Experimental Study of Proppant Transport in Horizontal Wellbore Using Fresh Water
- Kamga L. Ngameni (Colorado School of Mines) | Jennifer L. Miskimins (Colorado School of Mines) | Hazim H. Abass (Colorado School of Mines) | Bilu Cherrian
- Document ID
- Society of Petroleum Engineers
- SPE Hydraulic Fracturing Technology Conference and Exhibition, 24–26 January, The Woodlands, Texas, USA
- Publication Date
- Document Type
- Conference Paper
- 2017. Society of Petroleum Engineers
- 2 Well completion, 2.5.2 Fracturing Materials (Fluids, Proppant), 2.4 Hydraulic Fracturing, 1.6 Drilling Operations, 3 Production and Well Operations, 1.6.6 Directional Drilling, 2.1.3 Completion Equipment, 2.2 Installation and Completion Operations
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Proppant transport in hydraulic fractures has been studied by numerous authors in the oil and gas industry, however, very little research has been conducted to evaluate proppant transport in horizontal wellbores and through perforation clusters prior to fracture entrance. With the extensive use of water and slickwater systems in the stimulation of unconventional reservoirs, an understanding of how proppant behaves as it is being transported by these fluids in horizontal wellbores and between perforation clusters would be beneficial.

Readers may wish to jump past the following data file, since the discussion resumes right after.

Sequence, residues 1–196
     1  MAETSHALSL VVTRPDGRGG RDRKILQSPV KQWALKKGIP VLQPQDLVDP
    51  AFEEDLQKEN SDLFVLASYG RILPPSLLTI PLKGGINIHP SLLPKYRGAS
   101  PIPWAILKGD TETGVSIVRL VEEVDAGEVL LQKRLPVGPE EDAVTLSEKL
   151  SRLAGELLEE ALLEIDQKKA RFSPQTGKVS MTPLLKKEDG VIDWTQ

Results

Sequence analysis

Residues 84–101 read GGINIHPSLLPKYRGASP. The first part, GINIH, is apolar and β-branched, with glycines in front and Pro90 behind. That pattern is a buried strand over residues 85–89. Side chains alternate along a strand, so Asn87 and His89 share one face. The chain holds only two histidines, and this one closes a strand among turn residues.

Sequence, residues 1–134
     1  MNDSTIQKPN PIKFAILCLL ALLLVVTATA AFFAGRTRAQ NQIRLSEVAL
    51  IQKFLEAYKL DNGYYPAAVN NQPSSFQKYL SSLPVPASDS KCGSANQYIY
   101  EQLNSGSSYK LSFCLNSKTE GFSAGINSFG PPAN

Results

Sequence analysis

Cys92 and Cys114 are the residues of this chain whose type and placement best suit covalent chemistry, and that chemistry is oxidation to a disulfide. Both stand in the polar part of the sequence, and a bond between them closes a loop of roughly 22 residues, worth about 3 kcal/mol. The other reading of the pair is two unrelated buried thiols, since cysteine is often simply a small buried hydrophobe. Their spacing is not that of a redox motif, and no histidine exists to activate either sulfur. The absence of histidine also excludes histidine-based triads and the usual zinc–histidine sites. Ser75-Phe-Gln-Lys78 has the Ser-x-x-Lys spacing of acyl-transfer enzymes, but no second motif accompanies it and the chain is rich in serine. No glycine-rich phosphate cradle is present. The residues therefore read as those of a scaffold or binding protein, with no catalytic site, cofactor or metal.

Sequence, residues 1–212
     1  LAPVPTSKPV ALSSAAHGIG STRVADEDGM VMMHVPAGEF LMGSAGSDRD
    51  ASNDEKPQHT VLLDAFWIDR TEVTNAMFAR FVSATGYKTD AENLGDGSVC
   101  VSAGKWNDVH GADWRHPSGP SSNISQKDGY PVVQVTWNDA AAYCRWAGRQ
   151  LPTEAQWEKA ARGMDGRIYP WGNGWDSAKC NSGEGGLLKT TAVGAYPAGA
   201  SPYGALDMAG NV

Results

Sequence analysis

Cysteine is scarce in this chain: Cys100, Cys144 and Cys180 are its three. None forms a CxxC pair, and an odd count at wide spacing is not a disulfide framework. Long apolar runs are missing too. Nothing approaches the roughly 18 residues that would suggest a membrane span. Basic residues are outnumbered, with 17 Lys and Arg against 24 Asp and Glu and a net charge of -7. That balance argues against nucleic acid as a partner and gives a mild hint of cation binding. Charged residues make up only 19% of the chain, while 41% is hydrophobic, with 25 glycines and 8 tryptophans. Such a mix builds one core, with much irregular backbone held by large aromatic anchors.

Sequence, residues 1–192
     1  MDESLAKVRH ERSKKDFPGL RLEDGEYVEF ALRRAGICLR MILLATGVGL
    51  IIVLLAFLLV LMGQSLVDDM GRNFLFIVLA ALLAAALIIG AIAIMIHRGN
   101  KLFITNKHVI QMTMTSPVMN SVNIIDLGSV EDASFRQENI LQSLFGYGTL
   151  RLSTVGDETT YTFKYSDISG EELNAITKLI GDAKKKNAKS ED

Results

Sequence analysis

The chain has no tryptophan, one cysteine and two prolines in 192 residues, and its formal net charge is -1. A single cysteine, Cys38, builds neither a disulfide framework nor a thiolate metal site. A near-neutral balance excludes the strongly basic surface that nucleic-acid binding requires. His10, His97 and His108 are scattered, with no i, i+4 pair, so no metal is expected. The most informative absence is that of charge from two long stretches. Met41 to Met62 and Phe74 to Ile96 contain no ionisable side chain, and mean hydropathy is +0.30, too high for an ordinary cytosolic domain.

This paper presents the results of an experimental investigation of proppant distribution among perforation clusters in a horizontal wellbore. The work considers the settling nature of proppants in the wellbore and the amount of proppant exiting a given set of perforations. The experiments show that proppant distribution between perforation clusters is not even, and the main causes of the uneven distribution are variable flow velocity and the associated proppant type and size. The results also indicate that in most commonly used sand proppant systems (100 mesh, 40/70 mesh, and 20/40 mesh), significant amounts of sand are left in the wellbore even above calculated critical velocity values.
|File Size||1 MB||Number of Pages||12|
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